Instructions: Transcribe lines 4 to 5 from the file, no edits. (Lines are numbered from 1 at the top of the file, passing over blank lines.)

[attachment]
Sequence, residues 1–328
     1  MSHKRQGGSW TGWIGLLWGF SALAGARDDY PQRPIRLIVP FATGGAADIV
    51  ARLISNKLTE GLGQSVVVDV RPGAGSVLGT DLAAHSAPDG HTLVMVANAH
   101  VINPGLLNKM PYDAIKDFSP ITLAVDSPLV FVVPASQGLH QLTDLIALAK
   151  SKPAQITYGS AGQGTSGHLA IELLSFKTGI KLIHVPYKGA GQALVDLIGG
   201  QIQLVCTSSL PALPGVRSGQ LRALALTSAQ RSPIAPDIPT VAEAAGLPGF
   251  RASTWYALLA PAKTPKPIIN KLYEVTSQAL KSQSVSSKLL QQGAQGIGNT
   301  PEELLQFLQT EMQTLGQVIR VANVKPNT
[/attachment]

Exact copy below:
   101  VINPGLLNKM PYDAIKDFSP ITLAVDSPLV FVVPASQGLH QLTDLIALAK
   151  SKPAQITYGS AGQGTSGHLA IELLSFKTGI KLIHVPYKGA GQALVDLIGG